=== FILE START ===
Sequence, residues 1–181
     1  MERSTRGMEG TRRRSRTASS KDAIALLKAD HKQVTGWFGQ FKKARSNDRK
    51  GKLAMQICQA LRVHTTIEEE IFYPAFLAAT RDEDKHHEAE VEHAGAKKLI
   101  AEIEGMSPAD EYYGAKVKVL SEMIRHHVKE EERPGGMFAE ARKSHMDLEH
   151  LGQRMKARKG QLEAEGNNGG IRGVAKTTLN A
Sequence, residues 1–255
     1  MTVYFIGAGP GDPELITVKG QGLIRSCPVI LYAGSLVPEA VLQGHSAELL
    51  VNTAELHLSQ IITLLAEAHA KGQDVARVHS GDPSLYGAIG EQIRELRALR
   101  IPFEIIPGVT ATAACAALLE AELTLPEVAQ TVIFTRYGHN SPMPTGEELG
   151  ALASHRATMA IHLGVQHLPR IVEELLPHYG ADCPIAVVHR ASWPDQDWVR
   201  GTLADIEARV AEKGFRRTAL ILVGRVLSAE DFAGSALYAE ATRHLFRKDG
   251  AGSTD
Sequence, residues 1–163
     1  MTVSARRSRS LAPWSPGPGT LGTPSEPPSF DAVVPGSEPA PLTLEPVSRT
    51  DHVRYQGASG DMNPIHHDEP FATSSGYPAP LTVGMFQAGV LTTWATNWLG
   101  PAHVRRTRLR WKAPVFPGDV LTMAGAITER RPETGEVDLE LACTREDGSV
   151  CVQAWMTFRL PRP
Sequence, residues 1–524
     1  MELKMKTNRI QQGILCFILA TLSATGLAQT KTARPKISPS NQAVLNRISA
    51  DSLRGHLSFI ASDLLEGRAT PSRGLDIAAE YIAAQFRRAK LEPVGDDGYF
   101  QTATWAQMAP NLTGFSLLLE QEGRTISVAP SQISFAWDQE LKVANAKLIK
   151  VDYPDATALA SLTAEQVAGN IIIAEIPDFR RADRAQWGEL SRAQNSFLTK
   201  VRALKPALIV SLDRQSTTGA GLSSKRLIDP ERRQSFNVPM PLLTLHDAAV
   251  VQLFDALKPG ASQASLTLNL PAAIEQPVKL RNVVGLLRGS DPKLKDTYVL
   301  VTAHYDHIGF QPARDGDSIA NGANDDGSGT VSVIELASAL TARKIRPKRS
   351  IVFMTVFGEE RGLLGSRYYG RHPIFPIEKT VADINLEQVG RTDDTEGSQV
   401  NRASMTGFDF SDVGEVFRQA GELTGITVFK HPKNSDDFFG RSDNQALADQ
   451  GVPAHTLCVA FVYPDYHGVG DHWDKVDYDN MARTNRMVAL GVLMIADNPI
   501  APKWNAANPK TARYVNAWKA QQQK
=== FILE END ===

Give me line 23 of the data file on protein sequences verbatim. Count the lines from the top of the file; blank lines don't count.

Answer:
   201  VRALKPALIV SLDRQSTTGA GLSSKRLIDP ERRQSFNVPM PLLTLHDAAV